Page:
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2 November 2016

The Swedish Man Who Survived for 2 Months in a Snowed-in Car

The sturdy Swedes sure can handle the cold. We recently covered how skier Anna Bågenholm endured a body temperature of 56.7°F (13.7°C) after being trapped under a frozen river after an accident. She’s not the only Scandinavian survivor, though. Bågenholm’s ordeal was a rapid freeze, but her compatriot Peter Skyllberg underwent a much longer, if less intense, deep chill, surviving for two months in a snowed-in car outside Umeå, northern Sweden.

Not Peter Skyllberg's car, but a pretty cold one all the same - Img source: dmvyanks / Flikr
Umeå is the last major town before Sweden’s northern wilderness begins, and Peter Skyllberg, aged 44, had been living in his car in the forests outside the town since May of that year. On December 15th, receipts show that he had been into a shop to buy magazines and coffee, and then he just disappeared. It turns out that his car had become snowed-in in the forest, where temperatures had begun to plunge as low as -22°F (-30°C).

On February 17th, a pair of snowmobilers stumbled upon the snowbound vehicle, which they thought had crashed. They were astounded when they dug through the snow and peered in through the icy windows to see a man lying on the backseat wrapped in a sleeping bag. Ebbe Nyberg, a local police officer, stated that ‘they were amazed at what they found: a man in his mid-40s huddled inside in a sleeping bag, starving and barely able to move or speak.’

When police came and dragged Skyllberg from the car, his body was so emaciated that his upper arms were as thin as his wrists. He eventually woke up and told them that he had been in the car since December 19th, almost a whole two months. This is corroborated by the receipts in the car and Skyllberg’s deteriorated physical state. Dr Ulf Segerberg, the chief medical officer at Noorland's University Hospital in Umeå, said that 2 months was about the ‘upper limit’ of how long somebody could survive without food.

Segerberg also speculated that Skyllberg was able to survive as the car had an “igloo effect”, keeping the interior of the car warmer than the freezing -22°F (-30°C) surroundings. Igloo expert Dr Bert Yankielun told the Huffington Post that the “igloo effect” was a good way to explain to the public how the snow insulated the car. He said that ‘snow consists of ice crystals and air, and the air is trapped in little tiny microscopic pockets between the ice crystals. And it’s the air that provides an insulating factor. It’s much like, I tell people, look at your fluffy ski jacket full of fibers with all the little pockets of air between the fibers.’ Don’t try and buy any ski jackets made of snow though. That won’t work. Try something more high tech instead.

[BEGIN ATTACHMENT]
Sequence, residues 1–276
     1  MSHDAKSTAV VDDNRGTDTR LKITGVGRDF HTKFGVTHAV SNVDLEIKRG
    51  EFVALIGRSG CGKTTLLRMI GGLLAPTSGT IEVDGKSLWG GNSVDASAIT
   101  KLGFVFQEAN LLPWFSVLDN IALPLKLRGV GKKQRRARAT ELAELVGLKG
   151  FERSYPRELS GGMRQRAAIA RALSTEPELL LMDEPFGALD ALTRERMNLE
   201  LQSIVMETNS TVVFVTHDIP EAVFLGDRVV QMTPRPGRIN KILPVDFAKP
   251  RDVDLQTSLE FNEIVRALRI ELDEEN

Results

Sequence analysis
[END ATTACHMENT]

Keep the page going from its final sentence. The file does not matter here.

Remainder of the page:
Even with this insulating effect, temperatures inside the cargloo would have been hovering around freezing, and Skyllberg was forced to drink melted snow to stay hydrated, so it wouldn’t exactly have been warm. Key also to his survival was the thermal protective clothing he had with him, such as his sleeping bag and winter clothes.

There was some speculation that Skyllberg had gone into a kind of hibernation, with doctors split as to whether this was even humanly possible. Dr Stefan Branth, from Uppsala University, said that he believed Skyllberg’s metabolism could have slowed down ‘like a bear that hibernates.’ The aforementioned Dr Segerberg, however, was sceptical, noting that human body temperatures can only drop a small amount before a coma sets in.

Whether or not Skyllberg was hibernating or not was not the only controversy, with one of the rescuing police officers claiming that the snow by one of the rear doors was loose enough that Skyllberg could have got out if he wanted to. The initial rescuers and other police officers still maintain that the man was fully trapped. Parts of Skyllberg’s backstory, such as huge debts and family problems, did emerge in the media snowstorm surrounding the story, but regardless of the reasons, his 2-month-long survival in such freezing temperatures is quite a feat.

Overall, it’s a good job Peter Skyllberg had winter clothes on hand to keep him warm. One thing’s for sure, he must have been bored. I hope he had something to watch… maybe the extreme Netflix n chill?


Sam Franklin

With a master’s in Literature, Sam inhales books and anything readable, spending his working hours reformulating the info he gathers into digestible articles. When not reading or writing, he likes to put his camera to work around the world, snapping street photography from Stockholm to Tokyo. Too much of this time spent in Japan teaching English has nurtured a weakness for sashimi, Japanese whisky, and robot cafés.